September 01, 2017

Restating the Obvious, Briefly

Certain themes of critical importance have been constants in my writing here, in some cases for more than a decade. (See the two collections of Alice Miller essays discussed in this post, for many examples.) One of those themes is captured very accurately in the title of an essay from five years ago that I once again draw to your attention: "The Infinite Human Capacity to Deny the Obvious."

I was reminded of that article because I recently read still another piece by a well-known "antiwar" writer bemoaning the fact that U.S. policy in Afghanistan has been a miserable failure. Not only that: it's been a miserable failure for 16 years! (The particular article and the specific writer are of no consequence, but I'll probably address a few aspects of this category of analysis in the next few weeks, using that and other examples.)

To call U.S. policy in Afghanistan a failure is, of course, unutterably wrong. Whenever you hear someone peddling this line, you can quickly and safely move along to find an analyst who actually knows what he's talking about. In my article from five years ago linked above, I discuss Robert Higgs and what I call The Higgs Principle. Here is that Principle, direct from Mr. Higgs himself:
As a general rule for understanding public policies, I insist that there are no persistent "failed" policies. Policies that do not achieve their desired outcomes for the actual powers-that-be are quickly changed. If you want to know why the U.S. policies have been what they have been for the past sixty years, you need only comply with that invaluable rule of inquiry in politics: follow the money.
There is more Higgs in the earlier post. There is also some analysis of my own which is, dare I say it, excellent. Hell, it's fabulous. Seriously: I hadn't read that post in several years. I was impressed. Haha.

If U.S. policy in Afghanistan were truly a failure -- a failure, that is, to the actual powers-that-be -- it would have been changed in five years at the outside, and probably sooner. The fact that it has not changed, certainly not in terms of essentials, means that the powers-that-be are achieving precisely what they want. In addition to the benefits identified by Higgs, there is one additional over-arching goal that the damnable powers-that-be share, and believe in to the core of their putrid, twisted little hearts: that the United States is entitled to and must have geopolitical dominance.

If you have a few spare minutes, look at Afghanistan on a map. It's right smack in the middle of everything. Consequently, it's of enormous strategic importance. As a very nice additional benefit, one especially appreciated by the endlessly greedy, grasping powers-that-be, it happens to be sitting on very valuable natural resources. So what if lots of innocent people die? So what if the country is a wreck in terms of an independent, functioning government? What makes you think the powers-that-be actually want an independent, functioning government? They didn't want one in Iraq, and they don't want one in Afghanistan. (And they have never wanted independent, functioning governments in all the other countries in which the U.S. has intervened over many decades, openly or covertly.) More troops for Afghanistan? That doesn't mean that U.S policy is a failure. It signifies that the U.S. is more than ever committed to its policy of dominance and control over as much of the world as possible. We will not be leaving Afghanistan, or the Middle East (or Africa, or Asia, or or or...) anytime soon.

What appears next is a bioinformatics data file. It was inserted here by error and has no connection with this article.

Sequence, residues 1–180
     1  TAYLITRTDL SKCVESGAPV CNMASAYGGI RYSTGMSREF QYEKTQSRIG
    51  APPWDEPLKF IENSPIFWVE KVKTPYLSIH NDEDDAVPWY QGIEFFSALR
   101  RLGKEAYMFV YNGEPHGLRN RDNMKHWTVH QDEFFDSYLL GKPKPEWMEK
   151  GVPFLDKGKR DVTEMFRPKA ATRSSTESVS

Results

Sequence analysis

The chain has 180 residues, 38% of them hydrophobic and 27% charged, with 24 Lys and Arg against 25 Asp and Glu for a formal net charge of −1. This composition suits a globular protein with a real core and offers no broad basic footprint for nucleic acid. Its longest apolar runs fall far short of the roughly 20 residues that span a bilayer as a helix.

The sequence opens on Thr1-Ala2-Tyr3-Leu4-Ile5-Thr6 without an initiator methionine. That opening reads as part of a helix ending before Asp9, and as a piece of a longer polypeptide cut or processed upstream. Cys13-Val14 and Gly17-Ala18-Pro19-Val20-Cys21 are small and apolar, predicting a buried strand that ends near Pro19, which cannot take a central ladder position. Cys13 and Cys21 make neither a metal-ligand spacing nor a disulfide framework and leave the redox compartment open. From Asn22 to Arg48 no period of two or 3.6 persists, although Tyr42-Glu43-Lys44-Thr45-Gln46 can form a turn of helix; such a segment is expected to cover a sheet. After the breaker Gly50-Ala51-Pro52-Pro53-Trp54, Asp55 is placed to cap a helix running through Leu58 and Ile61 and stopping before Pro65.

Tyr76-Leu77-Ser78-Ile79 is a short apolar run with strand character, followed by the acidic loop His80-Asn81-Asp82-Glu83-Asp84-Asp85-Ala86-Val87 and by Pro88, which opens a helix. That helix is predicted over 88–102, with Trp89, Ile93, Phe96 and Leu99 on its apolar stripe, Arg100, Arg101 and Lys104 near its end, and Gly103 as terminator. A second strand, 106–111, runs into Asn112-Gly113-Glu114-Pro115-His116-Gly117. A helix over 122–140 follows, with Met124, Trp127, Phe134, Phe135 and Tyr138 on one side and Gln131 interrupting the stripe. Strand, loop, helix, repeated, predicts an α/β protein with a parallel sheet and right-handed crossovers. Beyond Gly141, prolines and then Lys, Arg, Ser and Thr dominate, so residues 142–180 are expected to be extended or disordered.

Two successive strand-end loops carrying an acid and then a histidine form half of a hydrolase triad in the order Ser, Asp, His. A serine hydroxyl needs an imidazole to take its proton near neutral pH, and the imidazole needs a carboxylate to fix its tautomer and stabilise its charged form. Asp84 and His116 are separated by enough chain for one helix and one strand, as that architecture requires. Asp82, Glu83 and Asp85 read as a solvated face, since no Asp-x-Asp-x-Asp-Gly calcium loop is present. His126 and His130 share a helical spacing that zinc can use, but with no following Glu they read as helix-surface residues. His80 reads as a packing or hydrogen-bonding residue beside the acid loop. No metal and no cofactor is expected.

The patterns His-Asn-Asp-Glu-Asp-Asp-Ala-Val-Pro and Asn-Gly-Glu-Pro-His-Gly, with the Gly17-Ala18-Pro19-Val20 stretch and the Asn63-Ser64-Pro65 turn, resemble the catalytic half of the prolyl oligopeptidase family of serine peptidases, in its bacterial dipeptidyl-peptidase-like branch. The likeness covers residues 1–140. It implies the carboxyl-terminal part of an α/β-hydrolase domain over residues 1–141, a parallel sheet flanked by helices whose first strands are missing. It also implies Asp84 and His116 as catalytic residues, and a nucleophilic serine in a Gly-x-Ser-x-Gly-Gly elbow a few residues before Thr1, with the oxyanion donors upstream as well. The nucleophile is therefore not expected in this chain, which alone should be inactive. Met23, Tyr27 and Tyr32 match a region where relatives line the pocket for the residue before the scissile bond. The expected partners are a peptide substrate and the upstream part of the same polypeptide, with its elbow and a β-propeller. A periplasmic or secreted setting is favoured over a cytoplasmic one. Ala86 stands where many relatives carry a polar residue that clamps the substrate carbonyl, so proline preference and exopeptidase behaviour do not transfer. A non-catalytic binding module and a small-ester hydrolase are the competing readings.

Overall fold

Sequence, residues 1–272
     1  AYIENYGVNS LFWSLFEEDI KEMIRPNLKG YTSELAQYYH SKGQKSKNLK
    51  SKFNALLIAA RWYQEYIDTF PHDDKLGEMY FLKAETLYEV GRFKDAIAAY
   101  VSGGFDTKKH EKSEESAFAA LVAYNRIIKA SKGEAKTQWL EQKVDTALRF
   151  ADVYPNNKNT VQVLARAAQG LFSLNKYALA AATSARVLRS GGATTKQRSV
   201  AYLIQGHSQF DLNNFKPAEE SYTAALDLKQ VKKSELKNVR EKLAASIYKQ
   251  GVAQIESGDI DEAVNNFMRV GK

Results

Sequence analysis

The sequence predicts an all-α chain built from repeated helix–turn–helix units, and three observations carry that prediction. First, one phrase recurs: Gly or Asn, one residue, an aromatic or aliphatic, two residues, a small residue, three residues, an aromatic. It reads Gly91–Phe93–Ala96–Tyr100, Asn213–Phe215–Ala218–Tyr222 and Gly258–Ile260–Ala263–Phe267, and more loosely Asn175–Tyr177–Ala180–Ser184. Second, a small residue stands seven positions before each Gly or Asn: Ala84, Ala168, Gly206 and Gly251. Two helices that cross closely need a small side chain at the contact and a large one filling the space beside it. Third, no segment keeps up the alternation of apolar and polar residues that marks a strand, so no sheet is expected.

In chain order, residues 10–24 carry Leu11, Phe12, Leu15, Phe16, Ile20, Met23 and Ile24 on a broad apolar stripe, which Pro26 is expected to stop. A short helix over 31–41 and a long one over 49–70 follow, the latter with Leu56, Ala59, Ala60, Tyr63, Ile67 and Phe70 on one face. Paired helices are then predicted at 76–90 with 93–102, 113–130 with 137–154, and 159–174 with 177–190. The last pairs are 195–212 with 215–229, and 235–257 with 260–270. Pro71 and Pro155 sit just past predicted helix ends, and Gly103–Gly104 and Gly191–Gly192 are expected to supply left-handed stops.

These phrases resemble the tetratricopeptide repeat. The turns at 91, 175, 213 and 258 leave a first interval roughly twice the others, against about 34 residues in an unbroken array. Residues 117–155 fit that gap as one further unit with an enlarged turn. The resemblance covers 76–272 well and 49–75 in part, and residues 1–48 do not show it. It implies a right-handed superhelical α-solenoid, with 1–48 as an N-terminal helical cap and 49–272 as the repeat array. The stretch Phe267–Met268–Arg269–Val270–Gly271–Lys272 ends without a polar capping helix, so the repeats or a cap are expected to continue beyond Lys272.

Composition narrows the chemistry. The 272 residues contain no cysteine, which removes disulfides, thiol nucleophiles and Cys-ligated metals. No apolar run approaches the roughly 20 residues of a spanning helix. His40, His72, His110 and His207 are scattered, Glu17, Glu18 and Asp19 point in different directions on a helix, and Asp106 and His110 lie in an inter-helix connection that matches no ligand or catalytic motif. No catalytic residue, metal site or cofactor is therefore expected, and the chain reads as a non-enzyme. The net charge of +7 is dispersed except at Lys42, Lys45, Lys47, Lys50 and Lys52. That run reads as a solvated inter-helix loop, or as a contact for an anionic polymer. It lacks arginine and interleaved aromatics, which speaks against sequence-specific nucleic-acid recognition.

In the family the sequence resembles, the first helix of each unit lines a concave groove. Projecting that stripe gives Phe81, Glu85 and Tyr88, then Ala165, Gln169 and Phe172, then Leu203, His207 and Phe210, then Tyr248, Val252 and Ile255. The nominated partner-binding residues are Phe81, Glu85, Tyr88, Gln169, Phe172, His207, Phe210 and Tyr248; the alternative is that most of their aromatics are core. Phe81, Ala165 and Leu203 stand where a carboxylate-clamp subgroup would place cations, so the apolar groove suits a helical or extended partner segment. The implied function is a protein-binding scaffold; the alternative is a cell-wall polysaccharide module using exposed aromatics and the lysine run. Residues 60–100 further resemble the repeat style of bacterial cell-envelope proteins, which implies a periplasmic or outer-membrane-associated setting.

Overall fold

I don't consider this a subtle point. If one examines and judges all the available evidence, the truth of The Higgs Principle is overwhelming. I think one of the more interesting questions is why so many "antiwar" and "dissenting" writers -- many of whom are unusually smart and entirely capable of grasping this argument -- continue to offer the "failure" line. That's one of the questions I've wanted to address for some time, and I plan to get to it soon -- not in terms of offering pointless conjecture above the psychology of any particular individual, but with regard to the broader cultural forces in play.

The importance of The Higgs Principle cannot be overstated. It's one of those identifications that sweeps away reams of incomplete, frustratingly wrongly-focused analysis, and allows one to see what's transpiring with far greater clarity. So, to be continued ...


We're broiling in Los Angeles. It was over 100 yesterday and will be over 100 again today. Then it will be in the 90s and high 80s through all of next week. I'm having an awful time.

In response to my donation post yesterday, I've received seven donations, totaling about one-third of what I need. Most of those donations are from old friends and supporters -- thank you, folks! Bless you all. Because of the holiday weekend, I need to gather $300-$400 more today, if I'm going to be able to pay the rent next Tuesday. (Monday is a bank holiday, and it takes a couple of days to process donations through the accounts involved.) If I can't pay the rent Tuesday, it won't be the end of the world, but it won't be exactly helpful, either. Also, there's that electric bill sitting out there still ... and food would be nice.

Please help if you can! I put together the post above because that issue was annoying me, and I wanted to point people to that past article of mine. Good stuff there! And I wanted to reassure potential donors that I can still put words together and make actual sentences.

It's just past 7 AM, and I'm already sweating. So now I think I'll go back to bed. Sasha is keeping me constant company through our ordeal. I can't express what a relief it is that she's better. Sasha is getting better, and I can still write. Maybe we're not doomed! Hell, there are still far too many goddamned bastards to deal with. No time for quitting now.

And pray for cool weather! Christ...